"An intimate Jerusalem classic, a sweet, sad, lovely little gem of a book."—Michael Weingrad, Portland State University
"This is a truly remarkable and remarkably successful literary experiment, to ‘translate’ a café into a novel."—Naomi Seidman, University of Toronto
"David Ehrlich’s Café Shira places us somewhere we think we know, but don’t, with strangers we feel we can’t know, but do. People afflicted with Eros, ambition, daydreams, conventions—people resenting sisters, or lovers, or mirrors; people trying to find happiness and worried about trying too hard. Jerusalem, under Ehrlich’s hand, is comfortably exotic. But no more consequential than the cafe’s salads, notebooks, and tips. A quiet masterpiece."—Bernard Avishai, author of The Hebrew Republic
"Café Shira is at once a portrait of inner struggle, yearning, the mysterious synergy of coffee and literary creativity, shifting narrative perspective, playful magical realism (as in the ability of the protagonist Rutha, a waitress in the cafe, to hear her customers' thoughts!), and, above all, love -- together with the loneliness, desire, and fulfillment that surrounds it. Richly imagined and movingly narrated, evocatively and crisply translated, this is a beautiful book to be treasured and savored!"—Eitan Fishbane, author of Embers of Pilgrimage: Poems, The Art of Mystical Narrative, and Shadows in Winter
New to Jerusalem and to adulthood, Rutha serves Café Shira’s devoted customers with a quiet compassion and a sensitive gaze, collecting their stories and absorbing them at her peril. Avigdor, the melancholy and somewhat weary café owner, philosophizes about love as he attends to the needs of his patrons while ignoring his own. Christian, a young religious pilgrim, has come to Jerusalem to find God but stumbles upon a much different revelation. These characters form the heart of this wry, often poignant novel narrated through a series of vignettes. They are joined by a colorful cast of characters who frequent the literary café—long-married couples, young lovers, an eccentric poet, and a traumatized veteran—all finding refuge and occasionally wisdom among their motley urban community.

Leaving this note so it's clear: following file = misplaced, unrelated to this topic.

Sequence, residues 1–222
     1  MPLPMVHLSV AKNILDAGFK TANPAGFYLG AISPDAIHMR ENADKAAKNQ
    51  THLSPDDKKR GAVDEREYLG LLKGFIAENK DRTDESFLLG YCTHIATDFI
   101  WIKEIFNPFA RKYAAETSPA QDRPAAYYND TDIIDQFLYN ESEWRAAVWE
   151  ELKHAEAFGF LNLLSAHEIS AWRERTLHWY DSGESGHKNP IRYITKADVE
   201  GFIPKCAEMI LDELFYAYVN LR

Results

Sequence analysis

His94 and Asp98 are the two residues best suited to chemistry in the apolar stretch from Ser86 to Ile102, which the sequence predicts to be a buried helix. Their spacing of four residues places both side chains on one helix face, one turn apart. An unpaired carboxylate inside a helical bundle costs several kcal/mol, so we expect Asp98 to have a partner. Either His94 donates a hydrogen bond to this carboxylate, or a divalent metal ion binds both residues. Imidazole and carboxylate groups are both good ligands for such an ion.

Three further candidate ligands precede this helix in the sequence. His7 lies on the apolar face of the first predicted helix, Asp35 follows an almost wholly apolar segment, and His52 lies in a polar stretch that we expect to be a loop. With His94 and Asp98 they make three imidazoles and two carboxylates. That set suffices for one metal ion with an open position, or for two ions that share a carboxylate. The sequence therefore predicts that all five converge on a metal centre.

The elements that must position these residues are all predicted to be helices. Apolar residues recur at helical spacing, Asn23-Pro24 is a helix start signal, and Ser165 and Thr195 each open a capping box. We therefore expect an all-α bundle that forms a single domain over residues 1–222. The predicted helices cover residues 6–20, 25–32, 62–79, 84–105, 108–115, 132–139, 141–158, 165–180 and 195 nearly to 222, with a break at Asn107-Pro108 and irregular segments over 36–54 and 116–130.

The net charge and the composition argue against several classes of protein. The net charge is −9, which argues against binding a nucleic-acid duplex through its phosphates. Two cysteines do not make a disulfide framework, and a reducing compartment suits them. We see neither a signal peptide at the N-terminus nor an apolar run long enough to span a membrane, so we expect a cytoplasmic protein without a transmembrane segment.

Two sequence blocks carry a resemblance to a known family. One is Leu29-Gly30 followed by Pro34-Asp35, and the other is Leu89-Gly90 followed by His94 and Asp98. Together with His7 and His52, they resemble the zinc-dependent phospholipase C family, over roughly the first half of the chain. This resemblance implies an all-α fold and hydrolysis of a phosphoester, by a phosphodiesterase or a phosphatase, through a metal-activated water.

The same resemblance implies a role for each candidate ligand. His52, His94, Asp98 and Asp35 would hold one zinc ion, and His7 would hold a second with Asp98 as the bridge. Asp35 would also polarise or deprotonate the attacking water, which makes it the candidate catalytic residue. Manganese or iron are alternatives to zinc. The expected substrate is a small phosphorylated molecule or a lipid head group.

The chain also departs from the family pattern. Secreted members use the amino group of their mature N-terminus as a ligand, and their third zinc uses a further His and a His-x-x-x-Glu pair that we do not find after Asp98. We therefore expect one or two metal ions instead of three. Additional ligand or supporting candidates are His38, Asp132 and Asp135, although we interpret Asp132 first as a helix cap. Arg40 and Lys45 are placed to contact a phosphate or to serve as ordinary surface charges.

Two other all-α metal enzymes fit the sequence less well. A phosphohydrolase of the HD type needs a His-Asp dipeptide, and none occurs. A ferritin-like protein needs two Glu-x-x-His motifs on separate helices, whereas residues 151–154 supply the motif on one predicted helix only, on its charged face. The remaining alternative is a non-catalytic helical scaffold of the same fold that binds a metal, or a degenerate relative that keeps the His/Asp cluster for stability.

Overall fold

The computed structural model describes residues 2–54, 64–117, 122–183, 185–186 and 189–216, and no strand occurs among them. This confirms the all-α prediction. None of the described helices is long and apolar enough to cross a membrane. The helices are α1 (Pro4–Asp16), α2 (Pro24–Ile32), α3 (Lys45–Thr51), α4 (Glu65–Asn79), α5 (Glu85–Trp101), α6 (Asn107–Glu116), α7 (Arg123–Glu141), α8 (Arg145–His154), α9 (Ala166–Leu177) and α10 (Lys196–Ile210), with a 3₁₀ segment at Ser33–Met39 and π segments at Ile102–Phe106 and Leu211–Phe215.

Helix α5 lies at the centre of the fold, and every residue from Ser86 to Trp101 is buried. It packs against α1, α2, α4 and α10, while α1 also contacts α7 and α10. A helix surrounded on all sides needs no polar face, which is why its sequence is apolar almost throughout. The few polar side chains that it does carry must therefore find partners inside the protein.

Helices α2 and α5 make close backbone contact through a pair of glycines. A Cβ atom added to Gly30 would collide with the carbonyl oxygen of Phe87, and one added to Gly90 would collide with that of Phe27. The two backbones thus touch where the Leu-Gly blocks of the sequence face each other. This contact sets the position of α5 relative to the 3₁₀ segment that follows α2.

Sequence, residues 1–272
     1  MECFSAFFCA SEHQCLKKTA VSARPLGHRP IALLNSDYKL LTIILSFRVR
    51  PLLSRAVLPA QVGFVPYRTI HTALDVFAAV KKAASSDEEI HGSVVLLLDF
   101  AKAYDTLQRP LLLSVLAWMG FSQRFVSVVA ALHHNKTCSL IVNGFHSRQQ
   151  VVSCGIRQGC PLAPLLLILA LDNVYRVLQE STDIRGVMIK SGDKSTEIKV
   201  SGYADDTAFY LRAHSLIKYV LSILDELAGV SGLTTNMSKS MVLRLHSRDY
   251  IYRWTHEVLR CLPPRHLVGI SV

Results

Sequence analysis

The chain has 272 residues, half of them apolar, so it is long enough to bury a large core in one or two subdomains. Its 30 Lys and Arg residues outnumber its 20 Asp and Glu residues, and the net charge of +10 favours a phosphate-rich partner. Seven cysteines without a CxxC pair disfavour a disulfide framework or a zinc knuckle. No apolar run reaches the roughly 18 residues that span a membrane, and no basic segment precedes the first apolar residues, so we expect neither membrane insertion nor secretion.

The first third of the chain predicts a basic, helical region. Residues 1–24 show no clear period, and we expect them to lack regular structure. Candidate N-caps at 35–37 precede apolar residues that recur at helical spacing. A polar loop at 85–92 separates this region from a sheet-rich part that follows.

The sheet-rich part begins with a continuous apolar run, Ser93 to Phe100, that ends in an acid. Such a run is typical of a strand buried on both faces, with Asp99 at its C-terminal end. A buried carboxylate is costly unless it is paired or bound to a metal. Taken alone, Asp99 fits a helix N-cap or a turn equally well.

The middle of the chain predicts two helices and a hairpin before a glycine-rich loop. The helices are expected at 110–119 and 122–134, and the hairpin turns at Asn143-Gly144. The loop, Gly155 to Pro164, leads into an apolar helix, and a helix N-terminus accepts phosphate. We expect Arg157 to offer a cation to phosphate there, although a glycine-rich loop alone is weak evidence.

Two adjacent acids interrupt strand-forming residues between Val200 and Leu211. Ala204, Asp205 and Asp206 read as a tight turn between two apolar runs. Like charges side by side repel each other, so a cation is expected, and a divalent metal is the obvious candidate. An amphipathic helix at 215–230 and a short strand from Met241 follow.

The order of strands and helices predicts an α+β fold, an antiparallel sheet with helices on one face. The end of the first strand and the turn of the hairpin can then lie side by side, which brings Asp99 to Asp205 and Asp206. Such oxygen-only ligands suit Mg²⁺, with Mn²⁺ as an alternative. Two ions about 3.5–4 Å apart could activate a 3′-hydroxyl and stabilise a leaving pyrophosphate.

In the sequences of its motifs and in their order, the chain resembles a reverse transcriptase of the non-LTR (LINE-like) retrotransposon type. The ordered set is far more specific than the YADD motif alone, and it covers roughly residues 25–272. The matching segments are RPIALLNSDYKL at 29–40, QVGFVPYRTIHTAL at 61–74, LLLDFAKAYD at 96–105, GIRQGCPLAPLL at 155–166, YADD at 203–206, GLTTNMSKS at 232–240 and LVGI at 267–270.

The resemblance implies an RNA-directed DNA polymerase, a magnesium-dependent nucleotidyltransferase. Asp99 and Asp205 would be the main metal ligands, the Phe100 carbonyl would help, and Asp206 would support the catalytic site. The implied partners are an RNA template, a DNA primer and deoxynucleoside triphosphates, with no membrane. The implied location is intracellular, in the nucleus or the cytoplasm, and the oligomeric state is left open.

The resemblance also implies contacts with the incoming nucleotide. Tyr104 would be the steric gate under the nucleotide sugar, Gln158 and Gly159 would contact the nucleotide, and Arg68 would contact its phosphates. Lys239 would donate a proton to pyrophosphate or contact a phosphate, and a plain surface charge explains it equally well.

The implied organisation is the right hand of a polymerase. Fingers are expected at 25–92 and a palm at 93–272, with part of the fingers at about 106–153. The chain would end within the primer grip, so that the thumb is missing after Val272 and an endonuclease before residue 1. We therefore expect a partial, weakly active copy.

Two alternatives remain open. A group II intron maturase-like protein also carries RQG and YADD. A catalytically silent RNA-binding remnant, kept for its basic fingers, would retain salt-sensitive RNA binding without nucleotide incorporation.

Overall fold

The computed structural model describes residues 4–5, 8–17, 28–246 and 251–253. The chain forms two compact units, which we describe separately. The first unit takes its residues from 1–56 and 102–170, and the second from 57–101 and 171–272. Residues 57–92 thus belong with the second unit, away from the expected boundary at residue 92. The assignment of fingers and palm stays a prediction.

Closely based on Ehrlich’s own experiences over the twenty-five years he devoted to running a café that became an important Jerusalem cultural venue and landmark, Café Shira is a work of disarming tenderness and bittersweet love.
David Ehrlich (1959–2020) was the author of three short story collections, Blue 18, Tuesday and Thursday Mornings, and Who Will Die Last: Stories of Life in Israel. His literary café and bookstore, Tmol Shilshom, is a haven for avant-garde artists and writers, and the site of numerous readings by eminent authors.
Michael Swirsky is a translator of Hebrew fiction, nonfiction, and poetry. His work has been published by the University of Chicago Press, Yale University Press, Houghton Mifflin, and the Free Press, among others.
With an Introduction by Sidra DeKoven Ezrahi.
5 x 8, 224 pages, 22 color illustrations